A fishing license is a legal permit to fish in public lakes and waters within the state or jurisdiction where the license is issued. A valid fishing license is required by law to legally fish in any public waters, even if you plan to catch and release the fish. In most states within the US, anyone over the age of 16 must obtain a fishing license before fishing.
Obtaining a fishing license is simple and involves purchasing the permit for a fee and signing that you have read and understand the fishing laws that pertain to your area. The Department of Natural Resources (DNR) typically oversees fishing laws and the official issuing of fishing licenses, but the license itself can be purchased from several sources. Sporting goods stores, bait and tackle shops, as well as some major department store chains with sporting goods departments all sell fishing licenses. Fishing licenses can also be purchased online from most state’s DNR departments.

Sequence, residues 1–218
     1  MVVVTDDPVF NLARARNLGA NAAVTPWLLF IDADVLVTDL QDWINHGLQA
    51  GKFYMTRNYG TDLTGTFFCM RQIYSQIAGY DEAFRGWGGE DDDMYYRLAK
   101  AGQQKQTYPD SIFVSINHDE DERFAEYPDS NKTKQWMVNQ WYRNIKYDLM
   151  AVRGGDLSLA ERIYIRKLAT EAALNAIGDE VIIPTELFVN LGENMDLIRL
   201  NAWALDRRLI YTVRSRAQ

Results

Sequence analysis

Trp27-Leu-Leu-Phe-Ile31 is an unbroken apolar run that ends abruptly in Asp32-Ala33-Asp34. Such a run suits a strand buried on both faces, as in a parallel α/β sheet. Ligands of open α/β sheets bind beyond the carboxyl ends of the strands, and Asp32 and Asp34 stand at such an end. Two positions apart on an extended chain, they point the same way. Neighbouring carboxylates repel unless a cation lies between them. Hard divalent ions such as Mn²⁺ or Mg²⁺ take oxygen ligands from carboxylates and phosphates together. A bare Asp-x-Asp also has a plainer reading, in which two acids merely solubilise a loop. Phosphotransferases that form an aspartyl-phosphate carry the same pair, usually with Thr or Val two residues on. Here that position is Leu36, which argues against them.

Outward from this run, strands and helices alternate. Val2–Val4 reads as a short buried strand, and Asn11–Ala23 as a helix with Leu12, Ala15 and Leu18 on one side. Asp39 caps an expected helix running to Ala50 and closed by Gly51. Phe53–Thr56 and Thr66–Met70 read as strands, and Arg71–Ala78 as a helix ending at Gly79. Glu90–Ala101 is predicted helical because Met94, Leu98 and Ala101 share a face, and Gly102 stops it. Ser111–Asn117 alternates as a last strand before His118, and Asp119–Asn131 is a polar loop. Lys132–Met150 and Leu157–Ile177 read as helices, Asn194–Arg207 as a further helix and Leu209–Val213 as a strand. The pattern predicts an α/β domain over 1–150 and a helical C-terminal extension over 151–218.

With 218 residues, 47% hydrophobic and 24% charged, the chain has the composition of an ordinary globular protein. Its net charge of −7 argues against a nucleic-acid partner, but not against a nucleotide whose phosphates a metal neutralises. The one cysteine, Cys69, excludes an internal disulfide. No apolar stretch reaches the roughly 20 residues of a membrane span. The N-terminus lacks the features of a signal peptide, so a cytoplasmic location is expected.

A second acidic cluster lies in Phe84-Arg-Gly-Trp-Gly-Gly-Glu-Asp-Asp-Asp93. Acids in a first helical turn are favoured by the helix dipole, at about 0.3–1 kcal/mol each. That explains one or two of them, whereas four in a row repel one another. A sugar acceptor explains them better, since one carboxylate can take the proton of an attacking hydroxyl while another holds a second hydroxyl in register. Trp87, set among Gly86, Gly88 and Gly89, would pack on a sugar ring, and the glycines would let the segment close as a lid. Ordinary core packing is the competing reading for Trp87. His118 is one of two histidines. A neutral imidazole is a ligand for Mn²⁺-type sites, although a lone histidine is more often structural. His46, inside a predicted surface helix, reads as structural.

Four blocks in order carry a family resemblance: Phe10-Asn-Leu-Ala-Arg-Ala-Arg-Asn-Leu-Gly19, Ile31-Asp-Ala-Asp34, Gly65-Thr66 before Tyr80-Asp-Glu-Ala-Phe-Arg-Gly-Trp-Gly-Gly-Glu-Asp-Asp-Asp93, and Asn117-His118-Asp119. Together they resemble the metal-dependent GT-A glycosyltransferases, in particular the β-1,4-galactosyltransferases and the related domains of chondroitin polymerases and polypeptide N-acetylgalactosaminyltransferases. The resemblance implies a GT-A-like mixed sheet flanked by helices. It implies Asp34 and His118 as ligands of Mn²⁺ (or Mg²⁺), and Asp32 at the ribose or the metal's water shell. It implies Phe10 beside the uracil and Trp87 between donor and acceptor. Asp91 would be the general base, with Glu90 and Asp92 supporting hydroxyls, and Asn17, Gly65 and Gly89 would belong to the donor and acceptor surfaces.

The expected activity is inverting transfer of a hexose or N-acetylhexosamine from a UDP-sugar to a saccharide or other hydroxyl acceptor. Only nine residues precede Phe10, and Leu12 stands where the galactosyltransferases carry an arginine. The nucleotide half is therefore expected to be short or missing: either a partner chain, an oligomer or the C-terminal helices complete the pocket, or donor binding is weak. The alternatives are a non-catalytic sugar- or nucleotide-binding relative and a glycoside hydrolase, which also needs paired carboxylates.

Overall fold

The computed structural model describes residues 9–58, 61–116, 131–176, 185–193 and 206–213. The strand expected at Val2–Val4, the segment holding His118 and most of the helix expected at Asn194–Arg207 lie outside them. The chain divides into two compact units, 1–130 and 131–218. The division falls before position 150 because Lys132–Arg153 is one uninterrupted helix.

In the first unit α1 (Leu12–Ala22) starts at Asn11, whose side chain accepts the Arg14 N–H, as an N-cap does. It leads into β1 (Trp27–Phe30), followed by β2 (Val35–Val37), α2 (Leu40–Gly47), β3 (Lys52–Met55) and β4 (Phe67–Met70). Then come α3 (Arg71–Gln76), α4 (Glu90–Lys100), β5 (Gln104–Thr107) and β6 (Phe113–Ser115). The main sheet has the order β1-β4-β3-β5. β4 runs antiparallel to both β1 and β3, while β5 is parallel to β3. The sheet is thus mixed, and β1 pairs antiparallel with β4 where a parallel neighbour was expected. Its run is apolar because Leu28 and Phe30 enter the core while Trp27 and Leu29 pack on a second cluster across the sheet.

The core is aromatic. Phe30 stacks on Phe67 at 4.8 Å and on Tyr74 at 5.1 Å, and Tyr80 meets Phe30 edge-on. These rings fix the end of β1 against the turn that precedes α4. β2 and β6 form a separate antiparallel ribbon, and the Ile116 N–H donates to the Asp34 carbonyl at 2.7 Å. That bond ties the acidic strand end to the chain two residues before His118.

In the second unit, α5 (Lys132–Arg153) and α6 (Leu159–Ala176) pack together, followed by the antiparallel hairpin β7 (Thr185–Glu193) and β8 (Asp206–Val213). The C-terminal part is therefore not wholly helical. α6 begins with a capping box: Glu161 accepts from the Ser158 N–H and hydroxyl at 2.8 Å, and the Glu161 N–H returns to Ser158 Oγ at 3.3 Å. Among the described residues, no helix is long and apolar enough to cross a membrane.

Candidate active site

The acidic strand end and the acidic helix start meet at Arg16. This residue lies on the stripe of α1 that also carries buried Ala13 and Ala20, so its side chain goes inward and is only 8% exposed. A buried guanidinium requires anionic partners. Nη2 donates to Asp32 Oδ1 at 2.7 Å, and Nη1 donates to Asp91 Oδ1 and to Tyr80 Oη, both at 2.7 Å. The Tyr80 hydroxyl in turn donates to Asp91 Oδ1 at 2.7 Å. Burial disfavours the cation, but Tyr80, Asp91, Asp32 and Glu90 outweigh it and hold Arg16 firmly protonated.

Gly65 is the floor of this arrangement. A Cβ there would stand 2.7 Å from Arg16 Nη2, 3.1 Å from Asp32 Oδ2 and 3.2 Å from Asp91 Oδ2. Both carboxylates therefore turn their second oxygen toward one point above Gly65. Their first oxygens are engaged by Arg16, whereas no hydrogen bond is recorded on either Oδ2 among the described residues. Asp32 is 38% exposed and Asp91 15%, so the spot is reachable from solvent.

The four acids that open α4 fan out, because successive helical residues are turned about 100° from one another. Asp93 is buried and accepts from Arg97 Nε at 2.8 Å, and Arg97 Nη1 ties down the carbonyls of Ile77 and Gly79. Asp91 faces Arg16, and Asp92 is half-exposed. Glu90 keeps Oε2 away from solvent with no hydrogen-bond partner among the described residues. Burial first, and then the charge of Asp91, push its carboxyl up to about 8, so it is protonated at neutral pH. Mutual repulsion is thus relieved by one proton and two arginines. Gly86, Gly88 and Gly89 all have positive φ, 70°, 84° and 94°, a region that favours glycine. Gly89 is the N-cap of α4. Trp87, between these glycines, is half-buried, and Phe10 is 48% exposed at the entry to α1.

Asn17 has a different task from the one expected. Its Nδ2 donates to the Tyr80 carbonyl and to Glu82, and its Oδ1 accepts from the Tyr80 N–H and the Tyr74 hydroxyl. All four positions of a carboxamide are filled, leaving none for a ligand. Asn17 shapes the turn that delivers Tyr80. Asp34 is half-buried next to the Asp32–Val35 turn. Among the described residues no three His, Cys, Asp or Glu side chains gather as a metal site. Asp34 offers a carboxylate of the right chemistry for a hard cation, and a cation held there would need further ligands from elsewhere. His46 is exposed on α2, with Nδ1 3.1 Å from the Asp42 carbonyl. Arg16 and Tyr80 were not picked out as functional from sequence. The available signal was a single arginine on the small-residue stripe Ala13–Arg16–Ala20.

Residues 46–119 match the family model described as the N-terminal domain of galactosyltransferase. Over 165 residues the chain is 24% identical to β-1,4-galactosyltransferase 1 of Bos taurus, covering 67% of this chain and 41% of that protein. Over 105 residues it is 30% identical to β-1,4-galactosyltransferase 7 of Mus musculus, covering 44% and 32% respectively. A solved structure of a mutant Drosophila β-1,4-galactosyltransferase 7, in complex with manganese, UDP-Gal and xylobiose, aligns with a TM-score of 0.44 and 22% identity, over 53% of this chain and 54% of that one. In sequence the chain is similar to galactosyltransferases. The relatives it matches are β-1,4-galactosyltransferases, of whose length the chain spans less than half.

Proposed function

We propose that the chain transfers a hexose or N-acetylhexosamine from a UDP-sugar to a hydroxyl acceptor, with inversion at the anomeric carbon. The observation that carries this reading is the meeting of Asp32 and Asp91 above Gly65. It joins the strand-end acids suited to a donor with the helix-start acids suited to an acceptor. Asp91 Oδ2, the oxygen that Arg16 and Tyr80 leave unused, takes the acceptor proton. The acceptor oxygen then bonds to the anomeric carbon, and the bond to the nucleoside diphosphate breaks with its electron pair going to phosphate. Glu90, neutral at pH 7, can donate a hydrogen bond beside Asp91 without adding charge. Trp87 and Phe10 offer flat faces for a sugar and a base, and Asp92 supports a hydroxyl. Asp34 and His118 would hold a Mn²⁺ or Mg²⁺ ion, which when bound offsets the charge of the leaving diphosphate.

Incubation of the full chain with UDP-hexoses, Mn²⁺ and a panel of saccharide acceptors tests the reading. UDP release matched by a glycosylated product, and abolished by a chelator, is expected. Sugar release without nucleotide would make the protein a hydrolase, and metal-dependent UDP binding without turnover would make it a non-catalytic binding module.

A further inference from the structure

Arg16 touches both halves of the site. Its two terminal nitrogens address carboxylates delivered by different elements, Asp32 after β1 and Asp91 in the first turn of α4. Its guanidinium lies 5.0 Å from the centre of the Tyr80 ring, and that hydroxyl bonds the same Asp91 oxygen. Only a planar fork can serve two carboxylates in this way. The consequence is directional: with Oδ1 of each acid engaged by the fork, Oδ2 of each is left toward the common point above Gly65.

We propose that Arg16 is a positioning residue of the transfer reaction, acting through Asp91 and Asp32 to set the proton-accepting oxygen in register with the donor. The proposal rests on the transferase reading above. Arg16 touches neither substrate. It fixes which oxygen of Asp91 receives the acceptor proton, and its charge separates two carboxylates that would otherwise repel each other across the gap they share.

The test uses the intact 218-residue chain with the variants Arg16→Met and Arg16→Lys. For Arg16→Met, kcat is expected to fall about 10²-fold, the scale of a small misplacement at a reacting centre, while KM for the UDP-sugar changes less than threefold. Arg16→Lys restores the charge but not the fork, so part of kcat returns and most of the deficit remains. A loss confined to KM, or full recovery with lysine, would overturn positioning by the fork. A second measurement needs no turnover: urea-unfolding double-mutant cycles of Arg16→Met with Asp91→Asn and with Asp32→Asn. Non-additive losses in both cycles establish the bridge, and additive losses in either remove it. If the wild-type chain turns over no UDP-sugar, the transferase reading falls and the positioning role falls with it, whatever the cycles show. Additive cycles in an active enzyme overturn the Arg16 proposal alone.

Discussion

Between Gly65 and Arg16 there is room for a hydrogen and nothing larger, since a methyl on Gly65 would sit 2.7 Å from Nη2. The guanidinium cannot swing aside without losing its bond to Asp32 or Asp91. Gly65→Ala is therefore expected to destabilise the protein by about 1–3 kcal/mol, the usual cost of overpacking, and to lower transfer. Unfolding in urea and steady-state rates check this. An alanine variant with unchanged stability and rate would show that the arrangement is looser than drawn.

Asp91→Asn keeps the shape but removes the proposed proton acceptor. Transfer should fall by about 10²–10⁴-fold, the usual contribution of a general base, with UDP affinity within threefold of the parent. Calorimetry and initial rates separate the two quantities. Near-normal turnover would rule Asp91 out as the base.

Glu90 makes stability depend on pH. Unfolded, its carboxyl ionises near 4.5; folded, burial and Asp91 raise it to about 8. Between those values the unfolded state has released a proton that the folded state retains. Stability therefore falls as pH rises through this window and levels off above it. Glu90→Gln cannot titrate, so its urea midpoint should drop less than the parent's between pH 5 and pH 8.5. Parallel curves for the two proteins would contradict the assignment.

There are only a few things to keep in mind when purchasing a fishing license. One thing to remember is that a fishing license is valid for a season only. When fishing licenses go on sale for each season, the license is only valid for that season, regardless of when it was purchased. Once the new season begins, typically in the early spring, a new fishing license must be purchased.
While you must obtain a fishing license for your home state to fish there, the license is not valid in other states. This means if you plan only to fish while on vacation out of your home state, you will have to purchase a non-resident fishing license. Be sure to research the cost of purchasing a non-resident fishing license thoroughly, as some states offer three or five day permits rather than requiring you to have a valid annual license. The cost is typically higher than it would be for residents, regardless of type. However, the fee is typically less than the fee you would be required to pay if caught poaching fish.
To learn more about purchasing a fishing license and the fishing laws in your area, visit your state’s Department of Natural Resources online or call your local office.